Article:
A state ethics commission has dismissed a complaint that alleged Attorney General Jack Conway had a conflict of interest because he took campaign contributions from utility companies seeking rate increases.
Conway's office represents taxpayers' interests when utilities ask the Public Service Commission to approve higher rates.
Lt. Gov. Mongiardo charged that it was unethical for Conway to take campaign money from utilities when he was supposed to be challenging their rate requests, likening it to a lawyer taking cash from one side in a lawsuit while representing the other side.
Mongiardo filed the complaint with the Executive Branch Ethics Commission in early May as he and Conway battled for the Democratic U.S. Senate nomination.
Conway scoffed at the allegation, saying there was no conflict because the PSC, not his office, sets utility rates.
In the end, the ethics commission did not consider the merits of the complaint.
Rather, the commission decided the complaint did not fall under its jurisdiction, according to letters it sent Mongiardo and Conway this week.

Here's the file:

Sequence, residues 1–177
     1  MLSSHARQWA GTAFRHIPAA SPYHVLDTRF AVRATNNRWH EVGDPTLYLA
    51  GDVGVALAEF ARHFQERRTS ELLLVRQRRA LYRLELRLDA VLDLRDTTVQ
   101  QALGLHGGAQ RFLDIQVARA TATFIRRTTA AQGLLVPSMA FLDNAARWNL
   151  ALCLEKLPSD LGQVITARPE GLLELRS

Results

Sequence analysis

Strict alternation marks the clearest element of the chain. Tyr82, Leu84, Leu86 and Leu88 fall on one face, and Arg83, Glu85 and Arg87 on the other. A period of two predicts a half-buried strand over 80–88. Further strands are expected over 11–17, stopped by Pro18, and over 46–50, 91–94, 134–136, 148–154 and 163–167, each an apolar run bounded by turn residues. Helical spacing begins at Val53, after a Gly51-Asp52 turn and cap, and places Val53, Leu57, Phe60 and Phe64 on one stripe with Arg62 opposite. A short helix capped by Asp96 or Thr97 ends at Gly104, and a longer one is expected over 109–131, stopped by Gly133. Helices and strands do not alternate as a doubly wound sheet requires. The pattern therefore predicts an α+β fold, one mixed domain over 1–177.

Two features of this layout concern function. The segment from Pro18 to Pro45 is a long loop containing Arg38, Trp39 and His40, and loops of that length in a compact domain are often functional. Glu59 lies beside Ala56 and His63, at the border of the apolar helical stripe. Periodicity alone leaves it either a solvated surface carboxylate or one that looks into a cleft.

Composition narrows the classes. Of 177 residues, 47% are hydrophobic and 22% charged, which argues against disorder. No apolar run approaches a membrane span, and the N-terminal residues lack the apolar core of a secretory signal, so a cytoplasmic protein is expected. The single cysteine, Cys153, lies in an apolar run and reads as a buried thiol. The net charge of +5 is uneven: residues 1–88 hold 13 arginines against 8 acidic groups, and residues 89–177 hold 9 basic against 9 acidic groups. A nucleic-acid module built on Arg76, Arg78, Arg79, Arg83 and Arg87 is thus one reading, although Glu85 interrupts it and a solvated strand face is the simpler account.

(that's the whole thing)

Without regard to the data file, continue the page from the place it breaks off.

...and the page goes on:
The ethics code bars state employees from taking gifts valued at more than $25 from people or businesses regulated by the state. But campaign contributions are not considered gifts, so issues concerning contributions don't fall under the commission's jurisdiction, it notified Mongiardo.
The complaint was dismissed without action, said John R. Steffen, executive director of the commission.
Mongiardo had cited four examples of what he saw as a conflict of interest involving rate requests totaling nearly $300 million for four utilities.
But Conway's office said in a statement Wednesday that work by his office to intervene in rate cases had saved ratepayers more than $150 million.
"The attorney general appreciates the work of the Ethics Commission and its review of this matter, which ultimately found the complaint filed against him by his primary opponent failed to allege a violation of the ethics code," a spokeswoman for Conway's office said in a statement.
Mongiardo had no comment on the decision Wednesday, said Kim Geveden, who was spokesman for Mongiardo in the primary.